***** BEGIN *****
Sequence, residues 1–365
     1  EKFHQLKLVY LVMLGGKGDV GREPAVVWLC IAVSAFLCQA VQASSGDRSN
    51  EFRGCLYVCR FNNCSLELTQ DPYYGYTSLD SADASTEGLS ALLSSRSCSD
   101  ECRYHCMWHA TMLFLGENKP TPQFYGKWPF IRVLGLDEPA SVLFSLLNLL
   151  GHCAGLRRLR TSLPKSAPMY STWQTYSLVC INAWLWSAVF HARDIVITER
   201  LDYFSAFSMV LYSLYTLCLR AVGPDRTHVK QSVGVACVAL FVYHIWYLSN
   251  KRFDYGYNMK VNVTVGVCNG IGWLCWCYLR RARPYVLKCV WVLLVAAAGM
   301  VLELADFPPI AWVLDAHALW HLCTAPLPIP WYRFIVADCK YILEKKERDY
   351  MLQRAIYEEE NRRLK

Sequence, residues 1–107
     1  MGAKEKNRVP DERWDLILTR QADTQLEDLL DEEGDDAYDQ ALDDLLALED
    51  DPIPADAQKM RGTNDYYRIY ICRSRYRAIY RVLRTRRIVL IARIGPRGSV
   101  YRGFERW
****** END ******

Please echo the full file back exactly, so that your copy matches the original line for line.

Sequence, residues 1–365
     1  EKFHQLKLVY LVMLGGKGDV GREPAVVWLC IAVSAFLCQA VQASSGDRSN
    51  EFRGCLYVCR FNNCSLELTQ DPYYGYTSLD SADASTEGLS ALLSSRSCSD
   101  ECRYHCMWHA TMLFLGENKP TPQFYGKWPF IRVLGLDEPA SVLFSLLNLL
   151  GHCAGLRRLR TSLPKSAPMY STWQTYSLVC INAWLWSAVF HARDIVITER
   201  LDYFSAFSMV LYSLYTLCLR AVGPDRTHVK QSVGVACVAL FVYHIWYLSN
   251  KRFDYGYNMK VNVTVGVCNG IGWLCWCYLR RARPYVLKCV WVLLVAAAGM
   301  VLELADFPPI AWVLDAHALW HLCTAPLPIP WYRFIVADCK YILEKKERDY
   351  MLQRAIYEEE NRRLK

Sequence, residues 1–107
     1  MGAKEKNRVP DERWDLILTR QADTQLEDLL DEEGDDAYDQ ALDDLLALED
    51  DPIPADAQKM RGTNDYYRIY ICRSRYRAIY RVLRTRRIVL IARIGPRGSV
   101  YRGFERW